How Will AI Impact Lawyers and The Legal Sector?04 Aug, 20235 minutes
There has been a great deal of media attention on the changing IT landscape regarding Artificial Intelligence (AI) and how this is going to affect humanity. Some see it as positive and revolutionary, whilst others are more cautionary and hesitant to embrace the change, and some regard it as potentially catastrophic. One thing is for certain, AI will have a significant impact across multiple different sectors and industries, but how will it impact lawyers and legal services?
Those who view AI as a positive development comment on how it will improve the efficiency of legal work by increasing automation and there are several immediate potential benefits that come to mind. Greatly improved computer power will enable almost instantaneous searches of legal data, case law and reviews to ensure the best and latest legal advice is readily available at the touch of a button. Also, software tools, such as ChatGPT, could be used to draft contracts or skeletons of judgments.
This has led to concern about the potential loss of jobs within the legal profession. Research from Princeton has suggested that the legal industry is one of the most vulnerable to the AI revolution. Indeed, some law firms have already announced the trialling of robot lawyers. In addition, junior lawyers and support staff feel under threat as AI technology also becomes more prevalent in automating the tasks and duties ordinarily carried out by administrative functions.
While there is no doubt that AI can dramatically speed up data manipulation and processes and can reduce the incidence of poor legal advice, the design of AI algorithms and in particular, how it learns from itself is critical. If the historical data used to train AI models contains bias or discriminatory patterns, AI can perpetuate these and lead to unjust outcomes. Fairness and justice are paramount in legal practice, so the risk of bias while using software that could sway decisions is of significant concern. The customer needs to trust the legal advice they are given and this is likely to affect the introduction of AI, at least in the short term.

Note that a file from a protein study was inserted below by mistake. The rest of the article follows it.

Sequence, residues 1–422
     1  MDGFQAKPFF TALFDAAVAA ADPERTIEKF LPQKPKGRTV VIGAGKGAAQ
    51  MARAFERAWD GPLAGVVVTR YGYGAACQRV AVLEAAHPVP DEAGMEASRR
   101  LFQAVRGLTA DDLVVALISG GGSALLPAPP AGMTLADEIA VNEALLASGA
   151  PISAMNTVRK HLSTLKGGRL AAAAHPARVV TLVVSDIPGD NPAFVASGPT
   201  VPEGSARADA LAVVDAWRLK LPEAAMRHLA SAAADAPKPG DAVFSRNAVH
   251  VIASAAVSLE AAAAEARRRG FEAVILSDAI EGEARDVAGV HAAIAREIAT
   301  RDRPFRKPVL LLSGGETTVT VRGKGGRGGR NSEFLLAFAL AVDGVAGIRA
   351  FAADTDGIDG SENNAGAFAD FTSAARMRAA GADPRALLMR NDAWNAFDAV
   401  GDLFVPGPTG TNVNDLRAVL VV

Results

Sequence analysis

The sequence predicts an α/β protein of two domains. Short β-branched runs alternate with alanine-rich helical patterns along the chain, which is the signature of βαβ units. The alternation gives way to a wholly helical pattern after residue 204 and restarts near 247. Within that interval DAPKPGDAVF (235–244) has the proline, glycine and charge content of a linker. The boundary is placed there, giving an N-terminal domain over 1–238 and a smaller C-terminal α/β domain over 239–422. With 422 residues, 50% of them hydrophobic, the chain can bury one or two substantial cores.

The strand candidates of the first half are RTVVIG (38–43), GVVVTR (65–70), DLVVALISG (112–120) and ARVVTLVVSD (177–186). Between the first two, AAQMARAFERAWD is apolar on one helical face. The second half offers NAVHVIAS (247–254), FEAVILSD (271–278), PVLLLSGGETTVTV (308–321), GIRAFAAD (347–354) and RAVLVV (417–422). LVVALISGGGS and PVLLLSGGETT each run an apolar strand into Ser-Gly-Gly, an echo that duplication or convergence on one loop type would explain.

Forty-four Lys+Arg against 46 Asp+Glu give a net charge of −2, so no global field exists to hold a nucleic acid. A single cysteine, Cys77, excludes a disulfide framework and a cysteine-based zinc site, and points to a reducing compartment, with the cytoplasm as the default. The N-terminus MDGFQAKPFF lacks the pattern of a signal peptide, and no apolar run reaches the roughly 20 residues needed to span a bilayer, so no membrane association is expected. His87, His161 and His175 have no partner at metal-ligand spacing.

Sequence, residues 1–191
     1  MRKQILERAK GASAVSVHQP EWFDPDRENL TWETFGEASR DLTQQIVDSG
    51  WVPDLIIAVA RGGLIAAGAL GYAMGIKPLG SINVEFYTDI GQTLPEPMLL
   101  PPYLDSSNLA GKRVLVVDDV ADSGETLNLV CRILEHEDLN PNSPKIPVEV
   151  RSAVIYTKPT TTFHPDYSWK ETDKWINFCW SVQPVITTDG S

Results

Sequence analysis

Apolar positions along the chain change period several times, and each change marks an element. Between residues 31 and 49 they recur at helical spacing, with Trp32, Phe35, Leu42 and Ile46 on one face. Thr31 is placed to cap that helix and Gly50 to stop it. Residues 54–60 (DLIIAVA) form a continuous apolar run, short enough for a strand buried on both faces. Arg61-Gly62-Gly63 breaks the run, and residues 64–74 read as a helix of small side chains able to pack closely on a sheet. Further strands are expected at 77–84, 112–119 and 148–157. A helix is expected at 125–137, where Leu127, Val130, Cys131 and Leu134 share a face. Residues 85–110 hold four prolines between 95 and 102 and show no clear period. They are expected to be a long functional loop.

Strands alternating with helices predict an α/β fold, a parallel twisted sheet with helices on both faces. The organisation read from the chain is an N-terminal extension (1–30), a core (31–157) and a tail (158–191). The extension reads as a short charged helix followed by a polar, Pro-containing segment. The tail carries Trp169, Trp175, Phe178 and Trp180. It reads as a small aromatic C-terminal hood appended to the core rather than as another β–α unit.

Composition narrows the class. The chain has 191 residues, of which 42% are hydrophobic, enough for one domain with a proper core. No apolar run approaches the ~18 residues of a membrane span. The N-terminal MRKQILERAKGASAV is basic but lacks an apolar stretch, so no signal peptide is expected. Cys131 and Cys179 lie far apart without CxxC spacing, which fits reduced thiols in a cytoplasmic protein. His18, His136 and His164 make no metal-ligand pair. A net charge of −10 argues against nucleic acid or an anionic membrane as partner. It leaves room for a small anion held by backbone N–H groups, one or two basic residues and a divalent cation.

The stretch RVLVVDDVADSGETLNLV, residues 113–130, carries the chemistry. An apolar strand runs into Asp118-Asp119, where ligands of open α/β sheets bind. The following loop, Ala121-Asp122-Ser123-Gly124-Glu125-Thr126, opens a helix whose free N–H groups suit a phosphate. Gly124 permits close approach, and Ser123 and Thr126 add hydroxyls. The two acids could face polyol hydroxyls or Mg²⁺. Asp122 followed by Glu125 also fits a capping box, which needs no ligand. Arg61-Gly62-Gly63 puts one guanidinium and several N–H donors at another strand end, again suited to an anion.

Some will argue that although AI systems are designed and trained to mimic and simulate human behaviour, they cannot make rational decisions like humans, and many lawyers/judges have been praised for coming to rational decisions in cases. AI should complement human intelligence rather than replace it.
Although some firms may be contemplating a reduction in manpower, it is not all doom and gloom on the job front. There will be a requirement for a robust system for the regular monitoring of legal judgements and also a need for specialist training. Maybe these could be a growth industry for recruitment.
There will also be a financial cost. As with any new technological advancements, there are always the early adopters and the largest, financially rich firms will presumably be the first to implement AI. How will the cost of installing this advanced AI technology be absorbed? Will the costs be passed onto the clients?
The AI revolution is coming, but there may be a long period of adjustment as firms start implementing the new technology, and law firms and legal services will inevitably continue to introduce more advanced AI as time moves on. There is no doubt that Artificial Intelligence is going to have a significant impact on how law firms operate in the future, the question is how much and how soon?